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The Ups and Downs On The Diagnostic Pathway

Posted Wed 3rd Nov 2021 at 09:00
by Fiona Tootill

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A parents perspective of the journey to diagnosis

My journey as a TS parent officially began mid December 2020 when my then 21-year-old daughter developed a tic attack so severe that by the following day when we rang 111, she was stuttering so much from tics that she could not speak to call handler, and was unable to even swallow a drink or to eat.

We were sent a cab by 111 and were emailed a note to take to a booked slot at A&E – a note which said, ‘suspected stroke’. I remember thinking “Well that’s not right; it looks exactly like Tourettes to me”. It had followed a protracted period of extreme insomnia and general hyper-wakefulness, but otherwise, the lead up was uneventful. She was neurologically examined and given Valium and a chemotherapy-used anti emetic tablet, off-label, and was then sent home with more of the same, and a discharge summary that said ‘body twitches and jerks secondary to Asperger’s’; and we were told to arrange a GP appointment and ask for referral to Neurology.

I happened by pure chance to be unemployed for a few months spanning that timeframe and was able to take her to college a few days after, as she was suddenly unable to manage her shoe fastenings or to keep her belongings in her bag without dropping everything repeatedly, she could not manage the journey by train to college, to prepare food or pack her bag, nor to organise herself.

During this time, many places were closed due to the Covid pandemic, including college, so she was happy to rest at home and to wear the face mask if ever out, as it hid the tics while she was getting used to them. Over time the tics calmed down and it fell into a fluctuating pattern like her OCD which we learned is a co-morbid condition.

The GP telephone appointment led to a referral to a Neurology appointment, but we had to fight for this, and then when it came it had to be conducted over the phone. The local hospital neurologist was thorough, but keen to refer to St George’s, since his local service only worked really with Parkinson’s and degenerative brain diseases. This all seemed to be going a bit too smoothly…and the local neurology department even arranged an MRI on a Sunday, when it was quieter, and they had the use of a special MRI scanner suitable for those who cannot keep stock still.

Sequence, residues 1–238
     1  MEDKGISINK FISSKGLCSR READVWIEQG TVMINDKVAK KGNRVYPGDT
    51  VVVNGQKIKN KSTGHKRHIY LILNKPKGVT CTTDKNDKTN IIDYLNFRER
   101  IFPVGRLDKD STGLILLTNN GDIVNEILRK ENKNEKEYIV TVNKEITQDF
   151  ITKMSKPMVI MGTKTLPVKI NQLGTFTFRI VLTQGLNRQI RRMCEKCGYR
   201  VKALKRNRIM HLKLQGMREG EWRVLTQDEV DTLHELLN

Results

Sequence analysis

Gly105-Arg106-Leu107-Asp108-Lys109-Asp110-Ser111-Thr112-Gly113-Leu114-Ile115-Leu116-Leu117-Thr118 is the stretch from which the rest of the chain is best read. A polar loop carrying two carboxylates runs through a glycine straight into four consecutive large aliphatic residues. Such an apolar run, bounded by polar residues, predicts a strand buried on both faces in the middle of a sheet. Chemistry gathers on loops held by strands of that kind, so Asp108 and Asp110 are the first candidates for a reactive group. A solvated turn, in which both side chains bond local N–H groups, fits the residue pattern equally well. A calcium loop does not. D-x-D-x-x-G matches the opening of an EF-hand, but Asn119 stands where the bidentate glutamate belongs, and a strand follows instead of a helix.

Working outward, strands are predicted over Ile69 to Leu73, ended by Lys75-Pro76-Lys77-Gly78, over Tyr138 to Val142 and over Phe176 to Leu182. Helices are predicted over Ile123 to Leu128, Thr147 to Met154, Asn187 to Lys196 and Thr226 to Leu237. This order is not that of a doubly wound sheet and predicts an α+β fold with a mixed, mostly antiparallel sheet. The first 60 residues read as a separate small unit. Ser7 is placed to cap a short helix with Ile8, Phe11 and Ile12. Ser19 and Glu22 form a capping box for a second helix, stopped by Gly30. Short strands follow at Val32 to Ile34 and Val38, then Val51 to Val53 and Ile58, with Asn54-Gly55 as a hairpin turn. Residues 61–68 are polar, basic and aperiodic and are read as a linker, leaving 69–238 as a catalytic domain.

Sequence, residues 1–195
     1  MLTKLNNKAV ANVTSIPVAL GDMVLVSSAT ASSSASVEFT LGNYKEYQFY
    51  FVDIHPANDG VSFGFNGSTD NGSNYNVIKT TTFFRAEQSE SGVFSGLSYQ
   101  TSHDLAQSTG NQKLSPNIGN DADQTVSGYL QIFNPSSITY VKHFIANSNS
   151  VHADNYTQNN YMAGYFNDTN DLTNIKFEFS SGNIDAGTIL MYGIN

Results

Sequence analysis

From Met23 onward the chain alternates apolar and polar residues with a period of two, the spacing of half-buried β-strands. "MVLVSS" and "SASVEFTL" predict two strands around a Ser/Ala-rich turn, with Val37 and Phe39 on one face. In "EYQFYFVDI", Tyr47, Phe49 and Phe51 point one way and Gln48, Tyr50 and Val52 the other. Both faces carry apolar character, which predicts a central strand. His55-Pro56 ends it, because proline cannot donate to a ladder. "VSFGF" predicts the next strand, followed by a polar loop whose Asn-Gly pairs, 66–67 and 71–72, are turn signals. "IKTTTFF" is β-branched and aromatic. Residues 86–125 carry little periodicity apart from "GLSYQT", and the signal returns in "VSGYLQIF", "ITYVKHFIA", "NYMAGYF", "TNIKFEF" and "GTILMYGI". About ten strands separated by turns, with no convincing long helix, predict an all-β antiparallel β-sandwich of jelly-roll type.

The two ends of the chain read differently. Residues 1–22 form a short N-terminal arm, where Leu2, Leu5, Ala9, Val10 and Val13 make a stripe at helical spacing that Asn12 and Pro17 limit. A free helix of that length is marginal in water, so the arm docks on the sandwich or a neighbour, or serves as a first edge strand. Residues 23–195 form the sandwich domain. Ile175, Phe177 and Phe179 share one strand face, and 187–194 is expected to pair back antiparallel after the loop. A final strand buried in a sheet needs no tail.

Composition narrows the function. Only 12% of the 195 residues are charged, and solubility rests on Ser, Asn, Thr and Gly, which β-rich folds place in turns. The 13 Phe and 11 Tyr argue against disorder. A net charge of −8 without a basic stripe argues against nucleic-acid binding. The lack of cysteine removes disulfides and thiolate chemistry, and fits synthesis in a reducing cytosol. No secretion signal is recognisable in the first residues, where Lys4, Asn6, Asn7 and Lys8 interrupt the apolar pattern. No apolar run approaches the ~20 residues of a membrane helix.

Some time passed and I attended a few parents support zoom group meetings at TA, but I was struck by the fact that the parents were of younger school age children, and I felt that I was unlikely to meet parents of young adults, so my heart sank a bit. However, I did learn a lot and discovered that my daughter’s single childhood tic – an un-noteworthy shoulder one, was a possible contender that confirmed her tic disorder did pre-date Dec 2020, in addition to an occasional stutter and abdominal pain issues which could also have been tics. In just a few parent sessions, my knowledge grew.

By late summer 2021, I chased St Georges about the referral which had been made in March 2021, and discovered that it had been rejected, as they had apparently asked referrer for a CAMHS history of overlapping conditions, and this was not supplied by the referrer.

It was very troubling that I only knew this by chasing, and it was a miracle that I got my act together to ring at all, as I was struggling in a new job with a hefty dose of Post Covid Brain fog (despite double vaccination) and that, on top of a pre-existing Dyspraxia, was not a recipe for pursuing things in a managed approach! I left a message with the PA of the local hospital neurologist about this oversight, and was promised a call back, which never materialised. This then got filed away along with, or possibly under, a constant feeling in my brain of being completely overwhelmed by nearly everything, as I struggled, indeed continue to struggle, trying to manage a new job in a neurodiversity-non-aware work environment, who also seemed at a loss to advise on Long Covid.